If I’d only followed CNBC’s advice, I’d have a million dollars today. Provided I’d started with a hundred million dollars. – Jon Stewart
In a pattern that is becoming all too familiar, the stock market failed to build on its momentum and closed lower in its final session on Friday but managed to record a modest gain for the week. With the situation in Ukraine becoming worse and tensions rising between pro-Russian militants and Ukrainian forces, investors again chose to lighten their equity holdings heading into the weekend. The Dow Jones Industrial Average actually closed at an all-time high on Wednesday as comments about the economy by the Federal Reserve were reassuring and investors remained optimistic about an increase in economic growth and an improvement in the labor market. Although GDP growth slowed to an anemic 0.1% annual pace in the first quarter, the weakest growth in three years was quickly downplayed as being caused by the harsh winter weather. At the conclusion of its two-day meeting, even the Fed acknowledged the sluggish growth but suggested that recent economic data points to brighter days ahead with faster and stronger growth. In fact, their confidence in an economic recovery caused them to taper another $10 billion from their stimulus program to $45 billion a month. At first glance, the April employment report also seemed to paint a rosy picture as 288,000 jobs were created and the unemployment rate fell to 6.3%, the lowest level since the fall of 2008. But a closer look revealed that more than half of the jobs were in lower-wage industries and overall average hourly wages were unchanged. To make matters worse, the decline in the unemployment rate was due solely to a drop in the labor force and people not looking for work. Still, the jobs report should be viewed favorably and an encouraging sign that the economy is improving, slowly but surely.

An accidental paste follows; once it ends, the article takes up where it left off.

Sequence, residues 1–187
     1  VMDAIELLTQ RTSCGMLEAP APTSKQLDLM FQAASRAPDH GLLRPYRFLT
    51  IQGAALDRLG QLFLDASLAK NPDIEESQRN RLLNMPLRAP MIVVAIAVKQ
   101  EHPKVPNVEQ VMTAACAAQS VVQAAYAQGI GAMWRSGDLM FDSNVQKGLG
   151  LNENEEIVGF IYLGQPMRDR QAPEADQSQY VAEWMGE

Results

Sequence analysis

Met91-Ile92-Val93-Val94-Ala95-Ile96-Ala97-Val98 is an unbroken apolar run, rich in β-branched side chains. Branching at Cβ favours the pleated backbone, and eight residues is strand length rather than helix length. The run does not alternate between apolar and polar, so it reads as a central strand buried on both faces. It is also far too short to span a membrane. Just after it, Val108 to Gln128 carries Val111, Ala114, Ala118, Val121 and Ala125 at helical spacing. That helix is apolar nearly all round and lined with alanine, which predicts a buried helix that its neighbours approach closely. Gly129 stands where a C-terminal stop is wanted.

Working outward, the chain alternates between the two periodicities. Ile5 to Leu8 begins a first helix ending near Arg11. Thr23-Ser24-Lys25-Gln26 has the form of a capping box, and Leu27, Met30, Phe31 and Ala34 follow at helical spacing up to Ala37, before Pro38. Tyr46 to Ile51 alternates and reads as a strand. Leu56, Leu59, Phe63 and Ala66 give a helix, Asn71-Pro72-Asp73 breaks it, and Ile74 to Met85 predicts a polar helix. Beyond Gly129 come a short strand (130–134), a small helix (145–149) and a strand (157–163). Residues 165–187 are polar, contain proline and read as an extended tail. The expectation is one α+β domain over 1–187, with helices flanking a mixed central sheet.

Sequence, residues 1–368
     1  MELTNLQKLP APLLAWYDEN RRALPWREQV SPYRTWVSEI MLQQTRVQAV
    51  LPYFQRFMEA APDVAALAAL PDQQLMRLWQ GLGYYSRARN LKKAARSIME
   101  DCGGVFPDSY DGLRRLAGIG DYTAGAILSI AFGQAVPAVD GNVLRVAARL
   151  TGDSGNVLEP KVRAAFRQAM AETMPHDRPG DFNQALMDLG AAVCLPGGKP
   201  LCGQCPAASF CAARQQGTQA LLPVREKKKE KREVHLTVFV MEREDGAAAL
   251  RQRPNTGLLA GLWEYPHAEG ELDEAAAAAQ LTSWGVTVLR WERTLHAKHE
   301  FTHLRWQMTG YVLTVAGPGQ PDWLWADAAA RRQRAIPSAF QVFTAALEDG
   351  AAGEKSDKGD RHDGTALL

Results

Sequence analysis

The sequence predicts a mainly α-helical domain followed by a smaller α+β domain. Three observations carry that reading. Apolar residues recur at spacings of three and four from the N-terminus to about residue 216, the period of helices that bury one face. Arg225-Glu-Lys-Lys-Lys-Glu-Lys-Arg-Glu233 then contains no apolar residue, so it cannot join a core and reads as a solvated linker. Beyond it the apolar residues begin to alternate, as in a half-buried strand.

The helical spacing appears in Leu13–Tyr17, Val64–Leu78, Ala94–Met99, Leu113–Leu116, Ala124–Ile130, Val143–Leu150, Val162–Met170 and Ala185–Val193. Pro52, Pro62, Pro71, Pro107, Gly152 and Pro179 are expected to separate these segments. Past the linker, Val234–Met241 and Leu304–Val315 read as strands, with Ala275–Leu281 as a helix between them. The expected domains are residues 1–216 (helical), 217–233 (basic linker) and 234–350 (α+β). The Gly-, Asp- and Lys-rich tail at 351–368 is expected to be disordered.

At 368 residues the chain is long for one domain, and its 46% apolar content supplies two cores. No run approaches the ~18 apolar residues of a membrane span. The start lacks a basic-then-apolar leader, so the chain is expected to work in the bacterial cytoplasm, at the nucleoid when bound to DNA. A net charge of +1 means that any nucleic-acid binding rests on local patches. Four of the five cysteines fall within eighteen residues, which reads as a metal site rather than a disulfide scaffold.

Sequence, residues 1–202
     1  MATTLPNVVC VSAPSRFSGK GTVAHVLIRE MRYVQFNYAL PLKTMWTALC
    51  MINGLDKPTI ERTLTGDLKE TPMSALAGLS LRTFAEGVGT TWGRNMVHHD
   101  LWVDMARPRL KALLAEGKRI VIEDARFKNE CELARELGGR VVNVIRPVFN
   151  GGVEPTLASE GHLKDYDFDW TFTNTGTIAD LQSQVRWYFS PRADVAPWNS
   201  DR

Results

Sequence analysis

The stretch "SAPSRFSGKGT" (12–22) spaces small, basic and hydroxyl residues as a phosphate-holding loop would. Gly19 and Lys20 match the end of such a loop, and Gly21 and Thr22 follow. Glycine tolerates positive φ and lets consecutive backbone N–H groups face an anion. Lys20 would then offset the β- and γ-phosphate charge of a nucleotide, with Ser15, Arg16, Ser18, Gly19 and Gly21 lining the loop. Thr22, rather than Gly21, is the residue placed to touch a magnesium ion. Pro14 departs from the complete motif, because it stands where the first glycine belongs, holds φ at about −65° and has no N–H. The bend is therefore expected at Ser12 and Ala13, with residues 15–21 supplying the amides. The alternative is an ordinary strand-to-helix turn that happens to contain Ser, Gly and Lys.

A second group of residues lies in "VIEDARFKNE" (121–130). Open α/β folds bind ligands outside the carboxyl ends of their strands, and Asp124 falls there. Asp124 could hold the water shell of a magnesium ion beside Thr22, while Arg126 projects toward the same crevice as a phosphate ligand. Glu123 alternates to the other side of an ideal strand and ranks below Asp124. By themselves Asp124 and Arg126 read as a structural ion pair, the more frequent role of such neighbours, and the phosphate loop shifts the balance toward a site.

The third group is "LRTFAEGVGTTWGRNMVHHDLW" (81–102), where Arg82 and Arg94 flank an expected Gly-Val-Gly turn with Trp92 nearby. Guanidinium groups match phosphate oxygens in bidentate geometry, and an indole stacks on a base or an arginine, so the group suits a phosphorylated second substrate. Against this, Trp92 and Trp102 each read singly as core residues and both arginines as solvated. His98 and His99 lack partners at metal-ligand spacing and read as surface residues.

The week began on a positive note as pending home sales rose in March and sales activity for the remainder of spring looks promising. Home prices also continued to rise in February and beat estimates according to the S&P/Case Shiller composite index. The housing sector may very well hold the key for the economic recovery as much of the recent data as lagged estimates. Manufacturing continued its steady recovery as the Chicago Purchasing Managers Index (PMI) registered its best gain in six months with new orders and production increasing sharply.
In an embarrassing turn of events, Bank of America was forced to postpone a proposed stock buyback and dividend increase for shareholders after a Federal Reserve stress test revealed that it was short $4 billion in capital.
For the week, the Dow Jones Industrial Average gained 0.9% to close at 16,512 while the S&P 500 Index rose 1% to close at 1,881. The Nasdaq Composite Index increased 1.2% to close at 4,123.
The Federal Reserve will be in the news again this week as Fed Chair Janet Yellen speaks before Congress’ Joint Economic Committee on the outlook for the U.S. economy. Expectations are for more of the same as the Fed winds down its stimulus program and adjusts monetary policy based on future economic data.
In overseas news, the European Central Bank (ECB) is scheduled to make an interest rate announcement and the Bank of England will hold a monetary policy meeting and announce its interest rate decision. Both are expected to continue their accommodative and easy monetary policies as their respective economies slowly recover.
Among the more prominent companies due to report quarterly earnings this week are Sysco and Walt Disney in the consumer sector, American International Group and Allstate in the finance sector, Devon Energy and Occidental Petroleum in the energy sector and Pfizer in the health care sector.
At the beginning of the year, the consensus among so-called investment experts was that the stock market would continue its climb as the economy became stronger and that bond prices would fall and yields would rise as interest rates moved higher in lockstep with an improving economy. Four months into the year, the yield on the 10-year Treasury has fallen to 2.58%, down from a level of 3% at the end of the year. The stock market as measured by the S&P 500 Index has risen only 1.9% through the end of April, which is the smallest change (up or down) in the index in this period since 2004. Obviously, investors are not totally convinced that the sputtering economy will shake off the winter blues and begin to accelerate with stronger GDP growth. Friday’s employment report was positive proof as a seemingly strong jobs report was greeted by weakness in stocks and lower Treasury yields. Under normal circumstances, just the opposite price action would happen in both the stock and bond markets. But with more ominous news coming from Ukraine and investors digging deeper into economic data and remaining skeptical about what they see, the market could be in a holding pattern for the time being.